As far as trailers go, Doepker Industries’ Legacy is a head-turner.
But this made-in-Saskatchewan product is more than just a pretty hauler of grains, pulses and fertilizers.
As one of the premier trailers in the world for the agricultural market, the manufacturer’s latest innovation is raising the bar among its larger competitors. Made almost entirely of aluminum, the new bulk-hauling trailer is the lightest and most durable product of its kind, according to Evan Doepker, president and chief executive officer of Doepker Industries.
His company has been making trailers for a wide variety of industries for more than 70 years.
It could come as a surprise to some that a mid-sized firm of 400 people headquartered in the small village of Annaheim, just northeast of Humboldt, Sask., could produce a trailblazing trailer for the agricultural industry. But those in the agricultural manufacturing sector know Doepker is one of several global success stories located in the Humboldt region — also referred to as the Iron Triangle.
The points of the triangle refer to Doepker, as well as air seeder producer Bourgault Industries in St. Brieux and Englefeld’s Schulte Industries, a maker of shortline agricultural equipment such as snow blowers, mowers and tillage equipment.
Other manufacturers to blossom in the region include: Humboldt-based CIM (Commercial Industrial Manufacturing), a builder of steel products such as truck boxes; Koenders Manufacturing, an Englefeld business that specializes in plastic moulded products for the recreation and agricultural industry; specialty tarp maker Michel’s out of St. Gregor; and Highline Manufacturing in Vonda, which found its niche building rock-pickers and balers.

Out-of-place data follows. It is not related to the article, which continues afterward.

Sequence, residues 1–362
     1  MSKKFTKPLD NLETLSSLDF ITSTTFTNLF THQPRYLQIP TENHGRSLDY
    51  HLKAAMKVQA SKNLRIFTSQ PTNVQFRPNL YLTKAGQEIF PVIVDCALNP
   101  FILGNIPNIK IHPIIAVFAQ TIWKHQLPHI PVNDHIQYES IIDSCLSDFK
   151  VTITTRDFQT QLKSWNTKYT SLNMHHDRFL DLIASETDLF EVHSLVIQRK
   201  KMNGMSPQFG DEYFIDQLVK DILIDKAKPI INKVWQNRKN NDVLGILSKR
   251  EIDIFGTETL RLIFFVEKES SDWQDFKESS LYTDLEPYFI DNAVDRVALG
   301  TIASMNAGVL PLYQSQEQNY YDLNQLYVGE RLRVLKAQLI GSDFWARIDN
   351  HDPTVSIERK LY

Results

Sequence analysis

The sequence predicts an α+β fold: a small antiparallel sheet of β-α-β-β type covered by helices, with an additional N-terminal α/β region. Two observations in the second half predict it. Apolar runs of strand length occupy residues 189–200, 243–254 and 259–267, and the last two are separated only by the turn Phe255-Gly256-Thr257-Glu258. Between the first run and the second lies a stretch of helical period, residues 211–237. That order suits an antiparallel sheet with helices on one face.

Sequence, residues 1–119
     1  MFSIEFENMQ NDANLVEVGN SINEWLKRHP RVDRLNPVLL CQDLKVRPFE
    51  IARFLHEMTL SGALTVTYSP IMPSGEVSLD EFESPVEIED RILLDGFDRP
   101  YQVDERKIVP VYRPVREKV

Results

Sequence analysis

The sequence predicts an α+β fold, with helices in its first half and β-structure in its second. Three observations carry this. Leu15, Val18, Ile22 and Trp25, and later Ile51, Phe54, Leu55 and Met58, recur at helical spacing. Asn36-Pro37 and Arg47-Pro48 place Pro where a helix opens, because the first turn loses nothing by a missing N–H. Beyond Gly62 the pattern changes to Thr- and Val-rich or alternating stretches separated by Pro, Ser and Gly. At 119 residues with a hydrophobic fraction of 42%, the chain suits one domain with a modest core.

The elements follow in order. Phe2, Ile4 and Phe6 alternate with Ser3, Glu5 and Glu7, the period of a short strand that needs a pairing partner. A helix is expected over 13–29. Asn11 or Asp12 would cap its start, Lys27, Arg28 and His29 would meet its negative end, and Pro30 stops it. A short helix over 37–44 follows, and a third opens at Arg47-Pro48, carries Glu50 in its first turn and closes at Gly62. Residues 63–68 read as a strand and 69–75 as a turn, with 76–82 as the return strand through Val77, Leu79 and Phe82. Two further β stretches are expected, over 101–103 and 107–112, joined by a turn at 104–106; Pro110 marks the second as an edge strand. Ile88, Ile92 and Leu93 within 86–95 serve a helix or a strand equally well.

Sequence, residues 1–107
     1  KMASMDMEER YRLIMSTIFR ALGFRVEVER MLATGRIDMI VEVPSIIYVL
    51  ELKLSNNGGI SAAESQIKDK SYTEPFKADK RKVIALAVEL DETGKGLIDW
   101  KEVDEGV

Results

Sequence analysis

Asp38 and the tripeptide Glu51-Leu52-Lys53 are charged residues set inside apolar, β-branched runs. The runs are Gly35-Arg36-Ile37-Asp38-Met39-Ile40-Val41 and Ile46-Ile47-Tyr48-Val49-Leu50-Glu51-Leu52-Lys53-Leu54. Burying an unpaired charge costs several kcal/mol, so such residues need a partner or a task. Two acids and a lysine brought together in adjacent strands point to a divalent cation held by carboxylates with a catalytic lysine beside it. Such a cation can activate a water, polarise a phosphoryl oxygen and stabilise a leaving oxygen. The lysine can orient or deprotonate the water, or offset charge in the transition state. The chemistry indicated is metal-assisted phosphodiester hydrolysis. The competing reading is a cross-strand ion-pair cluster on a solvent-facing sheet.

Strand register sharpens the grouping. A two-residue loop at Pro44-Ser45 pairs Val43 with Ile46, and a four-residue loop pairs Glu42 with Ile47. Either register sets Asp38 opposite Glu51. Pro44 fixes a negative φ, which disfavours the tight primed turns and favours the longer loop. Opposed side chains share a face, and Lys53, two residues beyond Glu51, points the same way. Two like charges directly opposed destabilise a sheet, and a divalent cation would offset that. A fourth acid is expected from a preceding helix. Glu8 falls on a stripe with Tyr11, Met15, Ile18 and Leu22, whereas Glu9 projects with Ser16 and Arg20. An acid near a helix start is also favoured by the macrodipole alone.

This important manufacturing hub developed naturally and was very much built around the needs of local farmers, says Doepker.
“I think you’d find that most of the manufacturers in the area have their roots in the creation and development of some type of product that local customers required,” he says. “A prototype was built, tested, used and improved upon with close customer input. In many cases, the product was literally used by a neighbour in a field next to the manufacturing site.
“This type of innovation and continuous improvement created a culture that then led manufacturers to expand their companies through identification of additional opportunities. New products, new markets and a growing economic contribution to the area create quite a prosperous loop.”
David Yee, vice-president of the Prairie Agricultural Machinery Institute’s (PAMI) Saskatchewan operations located in Humboldt, attributes the economic successes in the Iron Triangle to a “can do” attitude paired with strong entrepreneurial spirit.
“As success grew for the early few, others came around because of the growing convergence of manufacturing know-how and the skilled labour force available,” says Yee.
PAMI has helped as well. Founded in 1975, the Prairie Agricultural Machinery Institute was initially set up to operate like the Consumer Reports of agricultural equipment, testing Canadian farm machinery. The government-funded non-profit organization offered Prairie farmers “a third-party independent review of machinery to understand which machines fit their needs the best.”